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Look for plenty of stadium upgrades as College Football Playoffs expand

As the College Football Playoffs expand to 12 teams in 2024, more universities are upgrading stadiums to potentially host in the new round of games. That’s what’s happening at the University of Wisconsin’s Camp Randall Stadium.

The College Football Playoffs will include 12 seeded teams beginning in 2024 using a playoff round to begin play. That means the #5 through #8 seeds can host a bonus game to begin the playoffs.

Though the Badgers have faced some rocky recent years on the field, since 2006 the university could have hosted home games five times if the field had been expanded earlier. With the new rounds of games set for Dec. 20-21, 2024 and Dec. 19-20, 2025, the Badgers are taking some preemptive steps to make Camp Randall a more inviting spot for games. It sounds like hosting a game in this first round will not be automatic, as the CFB apparently retains the final call on venues. Northern venues might need to do some planning; the University of Minnesota’s Huntington Bank Stadium already sports a field-warming system;

This all means two offseason upgrades in 2024 to prep for the new games: the installation of a heating system under the synthetic turf and the addition of new videoboard signage throughout the stadium.

Historically, December temps in Madison aren’t cold enough necessarily to warrant a new heating system, but snow levels are always a crapshoot–sometimes there’s a very white Christmas, sometimes the ground is bone dry. The new heating system will make sure the field will be more comfortable for players and able to melt off snow. From the Wisconsin State Journal:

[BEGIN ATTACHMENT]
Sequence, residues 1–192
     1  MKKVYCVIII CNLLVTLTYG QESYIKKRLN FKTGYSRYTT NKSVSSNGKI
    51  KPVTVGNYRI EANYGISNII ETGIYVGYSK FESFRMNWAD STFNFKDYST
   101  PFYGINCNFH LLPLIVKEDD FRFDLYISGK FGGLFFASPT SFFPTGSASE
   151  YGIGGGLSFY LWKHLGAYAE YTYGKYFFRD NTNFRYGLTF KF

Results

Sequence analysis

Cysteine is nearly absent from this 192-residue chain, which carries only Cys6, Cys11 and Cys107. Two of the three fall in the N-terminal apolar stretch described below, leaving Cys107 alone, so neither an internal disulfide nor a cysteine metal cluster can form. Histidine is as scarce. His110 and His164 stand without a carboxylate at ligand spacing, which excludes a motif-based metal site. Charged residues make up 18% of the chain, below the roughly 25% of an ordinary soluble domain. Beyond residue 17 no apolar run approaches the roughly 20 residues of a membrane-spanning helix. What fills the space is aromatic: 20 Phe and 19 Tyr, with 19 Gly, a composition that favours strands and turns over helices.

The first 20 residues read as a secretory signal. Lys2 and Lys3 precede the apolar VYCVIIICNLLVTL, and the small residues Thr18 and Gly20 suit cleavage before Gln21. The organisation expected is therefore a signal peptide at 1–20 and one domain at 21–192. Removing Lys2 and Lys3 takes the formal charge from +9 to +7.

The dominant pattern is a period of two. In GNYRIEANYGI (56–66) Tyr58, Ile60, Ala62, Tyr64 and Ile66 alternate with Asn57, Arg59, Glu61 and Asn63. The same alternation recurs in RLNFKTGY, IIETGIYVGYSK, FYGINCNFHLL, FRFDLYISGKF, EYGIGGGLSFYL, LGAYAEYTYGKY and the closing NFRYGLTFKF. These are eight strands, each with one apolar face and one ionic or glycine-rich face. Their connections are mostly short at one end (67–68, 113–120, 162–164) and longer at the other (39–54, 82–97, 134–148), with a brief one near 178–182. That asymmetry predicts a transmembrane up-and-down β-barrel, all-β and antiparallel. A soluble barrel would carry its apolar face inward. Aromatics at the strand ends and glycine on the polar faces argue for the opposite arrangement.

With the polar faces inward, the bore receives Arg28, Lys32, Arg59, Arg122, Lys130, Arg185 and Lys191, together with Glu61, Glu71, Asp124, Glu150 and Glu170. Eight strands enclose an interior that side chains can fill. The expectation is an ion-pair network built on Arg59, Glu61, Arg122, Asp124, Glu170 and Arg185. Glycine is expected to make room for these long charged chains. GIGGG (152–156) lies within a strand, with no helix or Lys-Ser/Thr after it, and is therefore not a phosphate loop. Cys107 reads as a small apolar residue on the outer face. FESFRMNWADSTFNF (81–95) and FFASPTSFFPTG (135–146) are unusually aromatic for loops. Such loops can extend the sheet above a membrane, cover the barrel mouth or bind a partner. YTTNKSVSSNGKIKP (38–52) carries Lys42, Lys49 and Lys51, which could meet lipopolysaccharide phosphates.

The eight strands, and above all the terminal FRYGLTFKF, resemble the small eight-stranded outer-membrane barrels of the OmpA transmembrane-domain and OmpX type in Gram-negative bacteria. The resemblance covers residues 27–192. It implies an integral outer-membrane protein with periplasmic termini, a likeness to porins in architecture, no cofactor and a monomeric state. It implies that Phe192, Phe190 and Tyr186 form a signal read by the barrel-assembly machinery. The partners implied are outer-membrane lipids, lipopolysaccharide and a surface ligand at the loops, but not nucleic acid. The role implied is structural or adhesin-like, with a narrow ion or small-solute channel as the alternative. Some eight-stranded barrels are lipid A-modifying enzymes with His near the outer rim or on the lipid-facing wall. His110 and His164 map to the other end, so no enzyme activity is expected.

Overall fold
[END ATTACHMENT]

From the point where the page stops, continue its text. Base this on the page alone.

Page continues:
“I think this will make the surface safer because we’re not going to have a frozen field like we had in the past,” he said. “We just think overall it’s going to be a good benefit to the program.”

But it’s a benefit that comes with costs. King estimated a $5.5 million price tag for the installation, which also will replace the FieldTurf surface that was just installed in 2022 as part of the reconstruction of the stadium’s south end zone seating sections.

Preliminary work is scheduled to take place this summer with most of the construction happening after the 2023 football season. The reconfiguration also will eliminate the crown on the field that helps water flow to the sidelines; drainage will be handled under the field, King said.

The 2024 upgrades will also replace existing signage in the stadium, which was installed in 2013. These upgrades were already on the athletic department’s wish list.

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August Publications